Hawaii is a unique and beautiful state located in the middle of the Pacific Ocean.
Known for its stunning beaches, lush tropical forests, and active volcanoes, Hawaii is a true paradise for nature lovers. The state is made up of eight main islands, each with its own distinct culture and landscape.
Visitors to Hawaii can enjoy a range of activities, from surfing and snorkeling to hiking and exploring historic sites. One of the most popular attractions in Hawaii is the Hawaii Volcanoes National Park, where visitors can witness the raw power of nature as molten lava flows from the Kilauea volcano.
With its warm climate, rich cultural heritage, and breathtaking natural beauty, Hawaii is a must-see destination for anyone looking for a truly unforgettable vacation.
While all of this is nice, we can’t forget the cool ants that are in Hawaii. These ants listed below would be perfect to start your ant-keeping journey, as they’re well-adjusted to Hawaii’s humidity, water, and temperature!
Types Of Ants In Hawaii
Hawaii, being a tropical island, is loaded with many cool ants. These include African Big-headed Ants, Arboreal Sneaking Ants, Argentine Ants, Bare Mustache Ants, Bicolored Pennant Ants, Common Crypt Ants, Carpenter Ants, Copper-bellied Ants, Downy Pennant Ants, Emery’s Sneaking Ants, ‘Emma’s Pygmy Snapping Ants, Ghost Ants, Graceful Twig Ants, Granulate Crypt Ants, Greenhouse Fierce Ants, Groove-headed Fierce Ants, Larger Black Sneaking Ants, Lesser Sneaking Ants, Lewis’ Pygmy Snapping Ants, Liliuokalani’s Trailing Ants, Little Fire Ants, Little Yellow Ants, Longhorn Crazy Ants, Obscure Rover Ants, Odorous House Ants, Pallid-footed Ants, Pharaoh Ants, Red Imported Fire Ants, Robust Crazy Ants, Roger’s Crypt Ants, Roger’s Snapjaw Ants, Singapore Ants, Thief Ants, Native Fire Ants, White-Footed Ants, Yellow Crazy Ants, and Yellow Sneaking Ants.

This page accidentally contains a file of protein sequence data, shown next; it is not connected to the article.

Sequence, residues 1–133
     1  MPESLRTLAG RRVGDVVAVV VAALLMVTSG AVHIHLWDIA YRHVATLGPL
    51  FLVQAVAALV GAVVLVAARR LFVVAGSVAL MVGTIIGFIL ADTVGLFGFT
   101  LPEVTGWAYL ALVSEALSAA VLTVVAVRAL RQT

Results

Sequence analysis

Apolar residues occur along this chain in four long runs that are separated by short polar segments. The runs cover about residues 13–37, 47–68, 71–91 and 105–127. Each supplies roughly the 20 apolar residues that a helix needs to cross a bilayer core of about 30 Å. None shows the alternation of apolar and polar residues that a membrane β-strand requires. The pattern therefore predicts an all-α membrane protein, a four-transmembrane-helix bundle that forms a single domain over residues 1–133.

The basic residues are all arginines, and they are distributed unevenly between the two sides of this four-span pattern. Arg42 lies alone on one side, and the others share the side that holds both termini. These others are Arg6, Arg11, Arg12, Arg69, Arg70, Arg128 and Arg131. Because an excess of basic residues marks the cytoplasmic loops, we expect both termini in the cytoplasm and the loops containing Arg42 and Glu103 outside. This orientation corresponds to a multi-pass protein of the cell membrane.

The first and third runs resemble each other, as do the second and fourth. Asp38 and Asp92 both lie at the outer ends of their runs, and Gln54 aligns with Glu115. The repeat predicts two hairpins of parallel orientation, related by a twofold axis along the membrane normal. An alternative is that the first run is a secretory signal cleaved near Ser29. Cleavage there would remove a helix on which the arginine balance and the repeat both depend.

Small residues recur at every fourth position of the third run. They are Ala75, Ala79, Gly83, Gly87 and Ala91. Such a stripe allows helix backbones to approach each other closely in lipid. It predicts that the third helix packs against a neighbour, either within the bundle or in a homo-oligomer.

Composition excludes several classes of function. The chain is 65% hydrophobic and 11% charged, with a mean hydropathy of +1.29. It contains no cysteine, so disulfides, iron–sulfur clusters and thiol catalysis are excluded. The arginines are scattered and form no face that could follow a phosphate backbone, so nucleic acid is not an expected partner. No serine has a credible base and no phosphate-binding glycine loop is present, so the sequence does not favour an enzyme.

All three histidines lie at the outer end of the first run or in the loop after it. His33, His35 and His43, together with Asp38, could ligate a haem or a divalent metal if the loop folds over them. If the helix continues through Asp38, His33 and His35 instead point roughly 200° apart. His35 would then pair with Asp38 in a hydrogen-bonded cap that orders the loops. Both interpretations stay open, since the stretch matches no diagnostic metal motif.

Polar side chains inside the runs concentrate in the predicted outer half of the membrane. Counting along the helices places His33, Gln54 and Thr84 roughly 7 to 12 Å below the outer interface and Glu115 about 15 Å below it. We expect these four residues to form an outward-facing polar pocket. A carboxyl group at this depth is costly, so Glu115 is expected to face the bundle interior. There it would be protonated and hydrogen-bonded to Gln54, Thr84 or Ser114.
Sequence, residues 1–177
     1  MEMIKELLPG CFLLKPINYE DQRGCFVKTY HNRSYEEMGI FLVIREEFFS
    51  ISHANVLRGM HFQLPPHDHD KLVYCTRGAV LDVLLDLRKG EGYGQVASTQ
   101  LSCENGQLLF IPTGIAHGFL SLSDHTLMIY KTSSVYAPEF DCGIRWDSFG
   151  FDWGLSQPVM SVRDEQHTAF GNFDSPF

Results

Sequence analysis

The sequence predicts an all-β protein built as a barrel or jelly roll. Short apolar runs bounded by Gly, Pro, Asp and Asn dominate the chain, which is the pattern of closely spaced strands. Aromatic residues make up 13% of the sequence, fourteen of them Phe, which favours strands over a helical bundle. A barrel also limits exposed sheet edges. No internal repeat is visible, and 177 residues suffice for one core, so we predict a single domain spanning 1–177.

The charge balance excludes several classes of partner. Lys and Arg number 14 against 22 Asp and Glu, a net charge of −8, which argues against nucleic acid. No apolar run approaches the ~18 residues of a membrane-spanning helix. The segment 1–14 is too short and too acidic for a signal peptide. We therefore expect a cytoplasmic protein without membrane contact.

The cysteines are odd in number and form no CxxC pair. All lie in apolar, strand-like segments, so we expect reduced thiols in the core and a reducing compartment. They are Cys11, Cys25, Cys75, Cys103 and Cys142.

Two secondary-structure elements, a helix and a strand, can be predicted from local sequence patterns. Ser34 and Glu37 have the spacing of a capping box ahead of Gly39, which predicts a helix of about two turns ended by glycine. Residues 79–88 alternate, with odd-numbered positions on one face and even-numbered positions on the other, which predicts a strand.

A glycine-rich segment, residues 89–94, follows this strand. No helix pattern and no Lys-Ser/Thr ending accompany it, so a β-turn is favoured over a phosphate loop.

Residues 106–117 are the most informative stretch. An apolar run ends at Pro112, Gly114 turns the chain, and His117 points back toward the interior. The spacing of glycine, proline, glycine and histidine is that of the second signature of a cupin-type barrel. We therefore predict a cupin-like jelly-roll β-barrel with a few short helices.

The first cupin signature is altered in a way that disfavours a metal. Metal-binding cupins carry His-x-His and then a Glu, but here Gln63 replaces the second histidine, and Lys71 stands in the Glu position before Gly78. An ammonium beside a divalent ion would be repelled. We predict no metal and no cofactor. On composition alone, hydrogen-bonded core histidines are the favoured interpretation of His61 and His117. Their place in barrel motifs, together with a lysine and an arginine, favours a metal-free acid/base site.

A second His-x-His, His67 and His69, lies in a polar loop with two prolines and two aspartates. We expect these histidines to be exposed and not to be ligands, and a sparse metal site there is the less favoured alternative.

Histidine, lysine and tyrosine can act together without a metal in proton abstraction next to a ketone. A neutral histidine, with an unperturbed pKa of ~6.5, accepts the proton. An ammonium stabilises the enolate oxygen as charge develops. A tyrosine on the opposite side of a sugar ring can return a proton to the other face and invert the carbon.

An ant that is dominant in northern Argentina, Bolivia, Uruguay, Paraguay, and southern Brazil is called the Argentine ant, known initially as Iridomyrmex humilis.
They have spread to many different regions that have a subtropical climate. The ants can fit through fractures and openings as tiny as 1 millimeter in diameter.
These ants range in length from 1.6 to 2.8 millimeters. The Queens are taller and longer than the worker ants, measuring about 4.2–6.4 millimeters in length.
These ants will establish colonies under the dirt, in crevices in concrete pillars, within boards or timbers, or even amongst the walls in human homes.
Due to their limited capacity to construct deeper homes, they typically build shallow nesting sites in natural settings, usually behind tiny stones or scattered fallen leaves.
Nevertheless, Argentine ants will quickly take up any area, eating and invading all the different types of insects within the same ecosystem.
Bare Mustache Ant
This particular genus is a tropical and subtropical region ant that humans have no trouble introducing to new places.
It has an astonishingly broad range, appearing in continental and island areas across the tropical and subtropical regions and northern parts.
These ants consume a variety of tiny, soft-bodied invertebrates, with around 250 individuals developing moderately-sized nests.
Colonies generally grow under garbage or woody plants on the surface in heavily disturbed or farmed environments.
The bare mustache ants are the most energetic of the investigated dacetines and occasionally exhibit unexpected brutishness.
For example, in manufactured nests, japyx or termites are regularly killed by aggressive, bigger myrmicine.
The tiny dacetines raced for these insects as soon as they came into vision with them, grabbing hairs or antennae and tripling up to blister them.
Bicolored Pennant Ant
Monomorium floricola is the bicolored pennant ants scientific name.
Although additional names include the flower and flowery ant, the length of the bio-colored pennant ant ranges from 1.5 to 2 mm.